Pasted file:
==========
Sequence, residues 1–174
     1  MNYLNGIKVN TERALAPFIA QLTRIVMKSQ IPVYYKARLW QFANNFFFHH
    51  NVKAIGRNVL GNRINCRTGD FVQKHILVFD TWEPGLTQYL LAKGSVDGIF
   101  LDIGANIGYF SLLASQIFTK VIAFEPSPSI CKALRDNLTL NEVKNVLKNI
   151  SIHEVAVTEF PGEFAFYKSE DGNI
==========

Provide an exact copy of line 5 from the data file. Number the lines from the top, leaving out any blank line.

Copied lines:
   151  SIHEVAVTEF PGEFAFYKSE DGNI